Friday, July 22, Bedford native astronauts Charlie Walker and Ken Bowersox will speak at a Bedford Chamber of Commerce luncheon. Tickets can be purchased by calling the Chamber at 812-275-4493. That evening, Lt. Gov. Becky Skillman, herself a Bedford native, will host the Liberty Bell Space Ball with the band “Summertime” performing for the formal event. Tickets can be purchased through the Bedford Chamber or Mitchell City Hall at 812-849-5161. July 23 will be the Grand Parade in downtown Mitchell, featuring the Grissom Air Force Base Color Guard. Grissom family members will host an open house of Gus Grissom’s boyhood home, which is near the site of the Grissom Monument which is made from a single block of Indiana limestone and surrounded by a wall of bricks from Grissom’s elementary school.
Spring Mill State Park is home to the Grissom Memorial Museum and has activities, receptions, and events for all ages all of the days of the celebration. Aiding in the festivities at the park will be the Stonebelt Stargazers with telescope viewings and the Hoosier Hills Ham Radio Club that will allow conversations with the Johnson Space Center in Houston, and a free showing of a film by Purdue University about graduate, Grissom.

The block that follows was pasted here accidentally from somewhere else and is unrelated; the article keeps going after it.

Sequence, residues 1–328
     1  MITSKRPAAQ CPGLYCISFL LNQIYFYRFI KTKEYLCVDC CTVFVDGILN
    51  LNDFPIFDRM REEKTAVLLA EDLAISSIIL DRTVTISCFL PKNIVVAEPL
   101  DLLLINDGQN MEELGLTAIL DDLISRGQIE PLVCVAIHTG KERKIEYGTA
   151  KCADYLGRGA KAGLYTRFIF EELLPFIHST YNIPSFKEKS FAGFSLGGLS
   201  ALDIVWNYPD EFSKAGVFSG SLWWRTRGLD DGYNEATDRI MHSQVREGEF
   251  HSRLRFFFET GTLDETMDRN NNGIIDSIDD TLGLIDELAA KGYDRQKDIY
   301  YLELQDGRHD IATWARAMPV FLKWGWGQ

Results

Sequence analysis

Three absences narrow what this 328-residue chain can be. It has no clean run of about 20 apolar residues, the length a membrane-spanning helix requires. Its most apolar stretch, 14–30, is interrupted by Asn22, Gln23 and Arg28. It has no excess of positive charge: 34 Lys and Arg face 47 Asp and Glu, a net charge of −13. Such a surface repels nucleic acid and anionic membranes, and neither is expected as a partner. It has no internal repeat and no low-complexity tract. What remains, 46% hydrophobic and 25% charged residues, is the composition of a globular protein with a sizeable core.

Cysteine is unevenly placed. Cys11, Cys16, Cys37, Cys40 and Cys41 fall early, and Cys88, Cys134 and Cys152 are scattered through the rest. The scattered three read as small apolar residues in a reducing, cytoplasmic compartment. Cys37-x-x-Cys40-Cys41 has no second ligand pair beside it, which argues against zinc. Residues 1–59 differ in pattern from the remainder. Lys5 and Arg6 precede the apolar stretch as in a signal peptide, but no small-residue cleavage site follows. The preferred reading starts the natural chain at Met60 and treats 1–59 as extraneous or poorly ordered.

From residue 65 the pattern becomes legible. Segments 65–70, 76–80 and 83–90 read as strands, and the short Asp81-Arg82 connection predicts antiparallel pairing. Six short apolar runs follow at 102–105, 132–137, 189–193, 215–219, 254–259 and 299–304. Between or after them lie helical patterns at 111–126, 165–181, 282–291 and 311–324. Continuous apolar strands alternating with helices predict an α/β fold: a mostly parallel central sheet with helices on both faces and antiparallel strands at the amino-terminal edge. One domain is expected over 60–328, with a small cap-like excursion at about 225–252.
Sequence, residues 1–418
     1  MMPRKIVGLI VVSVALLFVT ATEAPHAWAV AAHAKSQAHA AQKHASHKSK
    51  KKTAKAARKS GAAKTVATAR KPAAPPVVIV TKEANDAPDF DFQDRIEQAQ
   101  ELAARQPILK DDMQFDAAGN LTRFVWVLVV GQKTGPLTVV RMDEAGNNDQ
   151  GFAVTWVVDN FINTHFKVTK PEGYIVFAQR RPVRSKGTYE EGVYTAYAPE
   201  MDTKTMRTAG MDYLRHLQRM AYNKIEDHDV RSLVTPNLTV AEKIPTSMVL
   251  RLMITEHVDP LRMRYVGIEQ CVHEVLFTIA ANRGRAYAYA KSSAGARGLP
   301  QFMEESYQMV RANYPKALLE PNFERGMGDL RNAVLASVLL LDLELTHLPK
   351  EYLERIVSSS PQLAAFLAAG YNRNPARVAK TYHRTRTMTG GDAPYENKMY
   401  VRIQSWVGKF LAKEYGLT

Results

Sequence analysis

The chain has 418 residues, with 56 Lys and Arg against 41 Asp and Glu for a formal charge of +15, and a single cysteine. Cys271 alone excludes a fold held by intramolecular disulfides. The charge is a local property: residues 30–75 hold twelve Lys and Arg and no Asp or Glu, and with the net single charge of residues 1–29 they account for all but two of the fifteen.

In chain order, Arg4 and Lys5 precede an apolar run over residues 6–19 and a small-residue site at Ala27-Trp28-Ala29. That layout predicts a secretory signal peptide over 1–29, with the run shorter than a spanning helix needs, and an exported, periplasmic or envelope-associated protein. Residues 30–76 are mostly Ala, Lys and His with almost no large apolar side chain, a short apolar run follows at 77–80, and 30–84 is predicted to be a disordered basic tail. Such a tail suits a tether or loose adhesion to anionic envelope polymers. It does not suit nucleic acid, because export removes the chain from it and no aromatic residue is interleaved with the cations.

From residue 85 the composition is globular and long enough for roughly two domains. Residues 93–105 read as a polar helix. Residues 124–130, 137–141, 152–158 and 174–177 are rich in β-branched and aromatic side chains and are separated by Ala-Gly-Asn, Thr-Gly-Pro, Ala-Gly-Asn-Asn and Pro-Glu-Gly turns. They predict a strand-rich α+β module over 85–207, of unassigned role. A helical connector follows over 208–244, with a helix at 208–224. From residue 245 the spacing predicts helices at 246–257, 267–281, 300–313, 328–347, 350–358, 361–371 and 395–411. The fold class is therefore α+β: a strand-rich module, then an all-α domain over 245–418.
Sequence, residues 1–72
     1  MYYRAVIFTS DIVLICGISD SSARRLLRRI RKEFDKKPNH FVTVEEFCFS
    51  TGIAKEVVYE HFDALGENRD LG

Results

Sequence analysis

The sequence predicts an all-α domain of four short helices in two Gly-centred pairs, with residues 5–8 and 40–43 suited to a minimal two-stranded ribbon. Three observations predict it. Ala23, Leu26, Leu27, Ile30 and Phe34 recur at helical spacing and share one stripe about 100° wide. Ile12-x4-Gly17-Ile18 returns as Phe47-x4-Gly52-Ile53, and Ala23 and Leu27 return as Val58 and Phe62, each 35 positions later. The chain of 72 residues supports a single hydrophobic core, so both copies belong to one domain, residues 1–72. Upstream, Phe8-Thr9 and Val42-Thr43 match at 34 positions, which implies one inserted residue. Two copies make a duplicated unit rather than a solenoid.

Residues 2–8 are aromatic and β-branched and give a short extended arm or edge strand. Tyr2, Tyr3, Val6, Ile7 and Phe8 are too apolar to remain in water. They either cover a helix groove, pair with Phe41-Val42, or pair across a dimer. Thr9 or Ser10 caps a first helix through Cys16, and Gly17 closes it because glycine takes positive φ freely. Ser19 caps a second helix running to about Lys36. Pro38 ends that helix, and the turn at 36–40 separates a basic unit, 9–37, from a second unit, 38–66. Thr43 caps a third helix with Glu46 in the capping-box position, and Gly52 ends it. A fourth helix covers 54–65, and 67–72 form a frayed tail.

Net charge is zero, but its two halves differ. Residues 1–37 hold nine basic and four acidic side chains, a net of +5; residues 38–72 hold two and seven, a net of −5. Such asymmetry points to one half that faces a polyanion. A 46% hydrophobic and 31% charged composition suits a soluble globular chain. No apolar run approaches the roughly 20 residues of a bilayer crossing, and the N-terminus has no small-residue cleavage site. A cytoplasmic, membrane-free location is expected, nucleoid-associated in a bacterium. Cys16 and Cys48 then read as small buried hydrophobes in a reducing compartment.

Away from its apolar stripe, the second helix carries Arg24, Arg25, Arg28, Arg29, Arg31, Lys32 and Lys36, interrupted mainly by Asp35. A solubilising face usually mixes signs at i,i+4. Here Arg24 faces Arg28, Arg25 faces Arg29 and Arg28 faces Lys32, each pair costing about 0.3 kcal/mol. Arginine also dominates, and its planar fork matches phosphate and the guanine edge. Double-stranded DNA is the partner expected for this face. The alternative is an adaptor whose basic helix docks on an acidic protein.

This is a rare chance to see what Virgil I. Grissom, Lawrence County, and Indiana mean to the history and direction of the American space program.
Original Mercury 7 astronauts
Courtesy of Life Magazine
Spring Mill State Park will be hosting their 5th Annual Geocache Challenge on February 5, 2011 from 11 am to 4 pm. This challenge is multi-staged and designed to be completed within two to three hours. “Big Trees” is the theme (a subtle clue!) and the first finisher to complete the entire challenge wins a special prize. Start your geocaching adventure at the Nature Nook inside the Spring Mill Inn to receive the coordinates for the first cache. This is a different way to tour the park and find places off the usual trails. Take the challenge by yourself, with your family, or create your own team. The Lawrence County Tourism Commission office has two GPS units available for rent through the Go Seek GPS Rental Program. The Tourism Commission arranges for the first four days of your rental to be complimentary. Call the office for details, toll free 800-798-0769.